It’s been over half a century since a secretive Victorian cult named The Family was created, but 54 years on, its traumatising effects are still being felt by the 28 children held captive by Anne Hamilton-Byrne.
One child was Leanne Creese, a woman who spent 16 years within The Family and says she was fed LSD from the age of just 14 years old.
“It was when we supposedly became initiated into the inner sanctum,” Creese told A Current Affair this week.
Lex de Man, a former Victorian police officer who headed up the task force responsible for investigating The Family following its demise said the practice of feeding LSD to the children was used as a method of control.
"When they [the children] were administered the LSD at night and the room was dark Anne would appear at the doorway with a bright light behind her with dry ice in a bucket," he said, adding "and through the hallucinogenic process they would wake up and believe they had seen Jesus Christ."
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Created in 1963 by yoga teacher Anne Hamilton-Byrne and physicist Dr Raynor Johnson, The Family believed an apocalyptic war was coming and, through the help of its 500-strong followers began 'acquiring' Victorian children in a bid to create a surviving master race.
Of the 28 children held at The Family's Lake Eildon property, it is believed up to 14 were the biological children of Anne and her husband William (Bill) Hamilton-Byrne. According to former members of The Family, the remaining children were recruited and obtained through unorthodox and irregular adoptions.
The children were home-schooled on the property, dressed in matching uniforms and given identical bleach-blonde haircuts.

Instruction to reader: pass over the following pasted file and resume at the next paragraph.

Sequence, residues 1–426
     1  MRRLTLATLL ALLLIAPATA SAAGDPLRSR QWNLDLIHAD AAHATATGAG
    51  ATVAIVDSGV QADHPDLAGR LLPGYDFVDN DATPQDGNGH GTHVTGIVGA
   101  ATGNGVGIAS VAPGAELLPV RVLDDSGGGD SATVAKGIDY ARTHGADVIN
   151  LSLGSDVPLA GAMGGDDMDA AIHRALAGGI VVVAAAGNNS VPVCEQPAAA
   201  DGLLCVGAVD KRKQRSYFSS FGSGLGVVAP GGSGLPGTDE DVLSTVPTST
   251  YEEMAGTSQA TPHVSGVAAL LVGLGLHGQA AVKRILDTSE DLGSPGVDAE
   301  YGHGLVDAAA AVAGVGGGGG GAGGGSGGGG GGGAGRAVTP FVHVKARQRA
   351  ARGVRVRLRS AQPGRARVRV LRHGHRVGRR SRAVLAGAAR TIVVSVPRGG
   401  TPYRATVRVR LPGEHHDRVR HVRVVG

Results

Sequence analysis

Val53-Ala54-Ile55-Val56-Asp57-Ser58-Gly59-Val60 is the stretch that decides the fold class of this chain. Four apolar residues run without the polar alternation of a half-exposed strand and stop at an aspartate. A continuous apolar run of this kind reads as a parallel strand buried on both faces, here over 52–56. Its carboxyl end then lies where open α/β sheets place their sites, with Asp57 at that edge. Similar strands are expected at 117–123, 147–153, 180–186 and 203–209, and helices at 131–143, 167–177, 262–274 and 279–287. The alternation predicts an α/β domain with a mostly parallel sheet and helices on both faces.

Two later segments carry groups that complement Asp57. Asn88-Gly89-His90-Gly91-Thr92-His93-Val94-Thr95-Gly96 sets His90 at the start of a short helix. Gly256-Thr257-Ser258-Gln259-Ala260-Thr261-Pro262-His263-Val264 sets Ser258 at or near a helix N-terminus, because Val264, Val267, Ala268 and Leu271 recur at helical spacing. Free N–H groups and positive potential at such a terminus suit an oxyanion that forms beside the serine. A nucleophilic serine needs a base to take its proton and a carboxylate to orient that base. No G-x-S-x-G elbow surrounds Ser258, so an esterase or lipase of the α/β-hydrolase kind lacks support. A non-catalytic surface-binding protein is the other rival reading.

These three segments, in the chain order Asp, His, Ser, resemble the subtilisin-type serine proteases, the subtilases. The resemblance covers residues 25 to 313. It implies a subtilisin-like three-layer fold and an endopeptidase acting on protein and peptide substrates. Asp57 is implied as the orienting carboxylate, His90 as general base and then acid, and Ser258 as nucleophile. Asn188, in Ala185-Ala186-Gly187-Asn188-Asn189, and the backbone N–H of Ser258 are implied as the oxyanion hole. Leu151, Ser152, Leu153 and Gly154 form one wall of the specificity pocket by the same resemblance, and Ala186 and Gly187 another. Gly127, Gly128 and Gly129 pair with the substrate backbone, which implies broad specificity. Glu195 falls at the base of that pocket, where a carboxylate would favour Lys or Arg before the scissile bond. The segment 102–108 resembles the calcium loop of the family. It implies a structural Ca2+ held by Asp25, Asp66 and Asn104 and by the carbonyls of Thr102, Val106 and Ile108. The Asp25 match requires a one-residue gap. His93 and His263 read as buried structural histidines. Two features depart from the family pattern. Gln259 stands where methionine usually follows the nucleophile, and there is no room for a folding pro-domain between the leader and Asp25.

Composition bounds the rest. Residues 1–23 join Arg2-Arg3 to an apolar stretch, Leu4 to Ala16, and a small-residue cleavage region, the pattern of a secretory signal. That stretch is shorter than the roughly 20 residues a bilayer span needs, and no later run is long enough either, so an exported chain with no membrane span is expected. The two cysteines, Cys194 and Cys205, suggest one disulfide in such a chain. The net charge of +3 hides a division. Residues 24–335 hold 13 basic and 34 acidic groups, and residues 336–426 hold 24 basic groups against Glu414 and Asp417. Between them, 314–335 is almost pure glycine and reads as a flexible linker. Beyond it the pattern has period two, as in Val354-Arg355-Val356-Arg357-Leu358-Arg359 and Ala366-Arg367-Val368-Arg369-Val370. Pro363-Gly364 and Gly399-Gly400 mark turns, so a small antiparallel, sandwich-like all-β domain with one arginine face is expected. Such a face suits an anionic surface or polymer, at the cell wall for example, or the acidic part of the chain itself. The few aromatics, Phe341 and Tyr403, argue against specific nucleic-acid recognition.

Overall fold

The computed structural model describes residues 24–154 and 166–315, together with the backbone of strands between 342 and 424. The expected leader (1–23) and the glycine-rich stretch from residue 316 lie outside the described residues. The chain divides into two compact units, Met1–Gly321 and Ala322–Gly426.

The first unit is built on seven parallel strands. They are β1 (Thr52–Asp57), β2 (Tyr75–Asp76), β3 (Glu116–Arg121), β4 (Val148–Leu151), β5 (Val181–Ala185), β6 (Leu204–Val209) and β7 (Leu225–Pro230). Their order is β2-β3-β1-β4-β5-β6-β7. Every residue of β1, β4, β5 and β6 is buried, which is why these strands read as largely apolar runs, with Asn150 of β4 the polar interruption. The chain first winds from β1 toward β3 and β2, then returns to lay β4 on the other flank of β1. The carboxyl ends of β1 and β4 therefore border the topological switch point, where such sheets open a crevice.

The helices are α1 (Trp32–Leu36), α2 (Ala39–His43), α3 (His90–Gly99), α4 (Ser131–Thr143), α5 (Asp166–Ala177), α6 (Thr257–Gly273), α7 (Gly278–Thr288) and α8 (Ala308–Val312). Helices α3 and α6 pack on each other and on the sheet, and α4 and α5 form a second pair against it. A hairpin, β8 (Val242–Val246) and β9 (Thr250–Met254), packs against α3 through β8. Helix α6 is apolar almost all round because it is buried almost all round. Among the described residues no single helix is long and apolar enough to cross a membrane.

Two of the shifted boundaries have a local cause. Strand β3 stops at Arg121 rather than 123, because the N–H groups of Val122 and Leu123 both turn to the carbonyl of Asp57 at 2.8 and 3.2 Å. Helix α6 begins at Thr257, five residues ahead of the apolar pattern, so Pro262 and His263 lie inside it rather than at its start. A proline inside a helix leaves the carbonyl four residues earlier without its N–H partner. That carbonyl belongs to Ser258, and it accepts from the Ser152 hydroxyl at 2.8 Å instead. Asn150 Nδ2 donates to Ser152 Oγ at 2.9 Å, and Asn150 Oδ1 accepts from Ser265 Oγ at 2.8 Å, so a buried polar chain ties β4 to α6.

Their real names and ages were often kept from them.
When the children misbehaved, they were subjected to beatings and starvation. Adam Whitaker, a survivor of The Family, says when he misbehaved, Hamilton-Byrne and his mother (another high-profile member of the cult) burnt his hands with a cigarette lighter.
According to Hamilton-Byrne, who believed herself to be the reincarnation of Jesus Christ, it was her divine duty to gather the children and ready them for the new, post-apocalyptic world.
Now, thanks to the release of a book and film of the same name, the lid on its illegal and secretive practices is finally being lifted, but the fallout from The Family is far from over.
Eventually rescued by Victorian police in 1987, the children held by the Hamilton-Byrnes say forgetting what happened at the farm is not something that will ever be possible.
"What Anne indoctrinated people with, she took them as vulnerable people and came up with a system which was very abusive. If they disagree they were bullied, intimidated, people were separated from their families," survivor Ben Shenton told The Today Show.
"She came up with an ideology that appeared to help people to begin with, but as soon as they disagreed, they were thrown out of the cult, people were put into mental hospitals."
Perhaps the most traumatic fact of all for survivors, though, is that neither Anne or Bill ever faced prison time for their actions. Instead, the pair were fined a mere $5,000 each and spared any kind of criminal record.
And while Bill died in 2001, Anne is still alive. Now aged 96, she spends her days in a Melbourne nursing home, with land holdings worth an estimated $10 million. Calls have been made for the estate's worth to be distributed among The Family's victims, but whether or not that will ever come to pass is still unknown.
The Family is in Victorian cinemas from 23 February 2017. The Family will show in NSW cinemas from March.